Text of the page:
Chris Marr, what have you been smoking? “Regulating medical marijuana” would be comical if it did not come from a member of the Washington State Liquor Control Board, the entity responsible for the muddle known as recreational marijuana [“Medical-marijuana patients deserve a regulated system that is safe and affordable,” Opinion, Jan. 19]. “Highly trained individuals who…More
Editor’s note: The Times asked readers of last Sunday’s editorial on medical marijuana: “How is marijuana legalization going so far?” and “What would you change?”
How’s it going so far?
The medical system has been treated poorly in legalizing recreational marijuana. Marijuana is an effective medicine for many conditions.
There seems to be a rush to eliminate the medical system entirely. This would be a disservice to the many people who depend on marijuana to treat debilitating conditions.
Paul Lyons, Seattle
It’s doing well. Yes, the medical aspect has to be changed. Make them pay taxes and regulate them just like retail. Too many people hide behind a medical card.
Wena Coffman, Goldendale
Dispensaries always check my ID and medical card, so I don’t think they are letting underage or people without authorization buy.
Ronald Felthoven, Marysville
When Gov. Chris Gregoire vetoed large portions of medical-marijuana reform, she harmed the industry and our state, putting us in the medical-marijuana quandary we are in now.
Had our medical pot been regulated, it would have been simple to follow the Colorado model of allowing medical stores to be the first recreational stores.
Sharon Whitson, Kirkland
The state Liquor Control Board has made some harsh and strict rules for recreational growers, while medical growers have none at all. Somehow the playing field has to be leveled between growers, or the board can have my grow license back.
Mary Gress, Vashon
The medical-marijuana suppliers have created a bigger market, and the products cost about one-quarter the cost for only a limited number of strains available from the recreational growers.
Steve Kuehn, Olympia
The Seattle Times Sunday editorial recounted how easy it was for one writer to purchase medical marijuana at a dispensary — without a “green card.” According to the editorial board, this “erodes the cornerstone of Washington’s landmark legalization experiment.”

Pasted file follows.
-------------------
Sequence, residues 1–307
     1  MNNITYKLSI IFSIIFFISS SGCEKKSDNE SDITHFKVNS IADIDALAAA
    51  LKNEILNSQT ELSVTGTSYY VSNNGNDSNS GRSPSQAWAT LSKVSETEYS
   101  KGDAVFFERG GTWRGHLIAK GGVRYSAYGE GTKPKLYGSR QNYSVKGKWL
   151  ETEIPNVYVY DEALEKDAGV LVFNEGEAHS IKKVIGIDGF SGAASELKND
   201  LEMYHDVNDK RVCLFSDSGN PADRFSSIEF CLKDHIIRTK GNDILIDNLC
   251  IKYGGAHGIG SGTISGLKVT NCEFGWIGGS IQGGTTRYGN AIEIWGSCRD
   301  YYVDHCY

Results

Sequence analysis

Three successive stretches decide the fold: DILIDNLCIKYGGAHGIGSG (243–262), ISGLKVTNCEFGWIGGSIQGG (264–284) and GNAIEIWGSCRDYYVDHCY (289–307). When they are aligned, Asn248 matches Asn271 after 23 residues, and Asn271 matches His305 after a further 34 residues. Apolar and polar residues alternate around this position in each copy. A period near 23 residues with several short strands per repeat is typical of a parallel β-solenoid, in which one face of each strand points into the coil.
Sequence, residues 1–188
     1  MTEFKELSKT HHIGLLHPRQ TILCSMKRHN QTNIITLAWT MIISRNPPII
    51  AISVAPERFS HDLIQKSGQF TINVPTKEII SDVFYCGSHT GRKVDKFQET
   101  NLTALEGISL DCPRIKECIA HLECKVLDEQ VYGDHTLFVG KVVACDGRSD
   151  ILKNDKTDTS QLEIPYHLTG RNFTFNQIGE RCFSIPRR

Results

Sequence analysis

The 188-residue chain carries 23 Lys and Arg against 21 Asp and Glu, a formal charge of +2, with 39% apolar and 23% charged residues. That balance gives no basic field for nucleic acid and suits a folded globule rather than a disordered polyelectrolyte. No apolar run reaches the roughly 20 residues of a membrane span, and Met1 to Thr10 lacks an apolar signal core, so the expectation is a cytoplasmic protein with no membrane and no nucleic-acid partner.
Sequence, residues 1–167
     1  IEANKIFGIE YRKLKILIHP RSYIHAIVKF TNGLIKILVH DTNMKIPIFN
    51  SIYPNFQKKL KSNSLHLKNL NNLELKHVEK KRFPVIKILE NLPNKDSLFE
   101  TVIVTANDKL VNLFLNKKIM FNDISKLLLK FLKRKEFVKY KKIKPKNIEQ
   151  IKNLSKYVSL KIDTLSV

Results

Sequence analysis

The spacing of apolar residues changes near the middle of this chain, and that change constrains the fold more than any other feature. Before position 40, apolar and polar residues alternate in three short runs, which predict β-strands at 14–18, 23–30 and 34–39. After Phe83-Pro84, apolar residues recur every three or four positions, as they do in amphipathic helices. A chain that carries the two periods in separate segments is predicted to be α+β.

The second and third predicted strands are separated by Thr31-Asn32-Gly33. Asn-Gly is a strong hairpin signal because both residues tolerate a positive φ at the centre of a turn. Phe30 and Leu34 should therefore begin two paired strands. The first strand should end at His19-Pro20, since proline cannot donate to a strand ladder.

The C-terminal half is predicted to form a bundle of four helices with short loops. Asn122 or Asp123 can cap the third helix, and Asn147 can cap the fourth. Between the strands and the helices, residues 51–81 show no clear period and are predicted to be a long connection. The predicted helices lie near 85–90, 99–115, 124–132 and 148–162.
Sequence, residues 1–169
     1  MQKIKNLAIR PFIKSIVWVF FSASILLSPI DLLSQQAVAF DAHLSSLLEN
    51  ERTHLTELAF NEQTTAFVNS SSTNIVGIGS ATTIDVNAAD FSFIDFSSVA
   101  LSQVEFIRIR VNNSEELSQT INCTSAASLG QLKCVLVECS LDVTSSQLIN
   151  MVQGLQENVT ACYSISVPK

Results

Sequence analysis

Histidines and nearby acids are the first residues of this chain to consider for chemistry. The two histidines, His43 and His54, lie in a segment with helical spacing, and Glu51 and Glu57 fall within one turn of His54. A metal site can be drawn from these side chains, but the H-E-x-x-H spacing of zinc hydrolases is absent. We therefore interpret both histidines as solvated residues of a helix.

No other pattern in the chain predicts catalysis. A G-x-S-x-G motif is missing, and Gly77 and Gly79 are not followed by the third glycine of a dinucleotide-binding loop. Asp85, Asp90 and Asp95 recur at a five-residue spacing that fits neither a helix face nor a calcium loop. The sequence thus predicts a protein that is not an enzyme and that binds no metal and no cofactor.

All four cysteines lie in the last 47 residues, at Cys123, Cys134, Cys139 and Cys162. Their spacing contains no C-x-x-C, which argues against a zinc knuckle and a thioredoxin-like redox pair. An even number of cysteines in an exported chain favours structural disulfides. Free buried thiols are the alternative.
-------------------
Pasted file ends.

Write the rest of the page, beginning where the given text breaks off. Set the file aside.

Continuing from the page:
How do you think the experiment with marijuana is going so far in Washington? Leave your feedback in theMore
Regarding the article “Regular pot smokers have shrunken brains, study says,” [Nation & World, Nov. 10] this study misses the mark on reporting concrete findings of regular pot use. Taken at face value, it tells us what we’re already used to hearing: “smoking is bad, and it will make you dumb.” This, of course,…More
I don’t understand The Seattle Times’ logic in supporting Advisory Vote No. 8, the law that excludes state licensed marijuana farmers from agricultural tax advantages [“The Times recommends to maintain Advisory Vote No. 8 on marijuana tax,” Opinion. Oct. 14]. The Times writes, “Initiative 502, rightly puts pot alongside alcohol as an adult indulgence…More
Allowing a pot shop to open next to a church may be legal but it shows an amazing insensitivity to the religious sensibilities of many faiths [“Church members protest Seattle pot shop as too close for comfort,” Local News, Oct. 5]. That churches and other places of worship were not included in the list…More
In the time since marijuana has been legalized in Washington, I fear that the state and the Liquor Control Board have lost sight of the most fundamental thing: Marijuana was legalized on a promise to drive out criminality and replace the black market [“Rocky start for state’s pot stores,” Local News, Sept. 17 ].
In order to do this, two things will have to happen: Much more marijuana will need to beMore
“Marijuana progress” is an oxymoron [“Exemptions hurt state’s marijuana progress,” Opinion, Sept. 11]. There is no progress under the use of marijuana; it is a downhill slide into addiction and depravity. Congratulations to those communities that have received exemptions. Criticism of these counties and municipalities is misplaced and should be directed toward Washington state for seeking…More
Need to operate like other commercial entities No industry can operate safely, transparently or effectively without access to banks or other financial institutions [“Feds drag feet on banking for marijuana industry,” Opinion, Aug. 27]. While it is encouraging to see that a small but growing number of financial operators are beginning to provide necessary services…More
I’m glad that at least one Seattle police officer is committed to enforcing the law against marijuana use in public [“SPD Probes cop who wrote 80 percent of pot-use tickets,” Local News, July 30]. He should be congratulated, not investigated. I get the sense that most officers are looking the other way when…More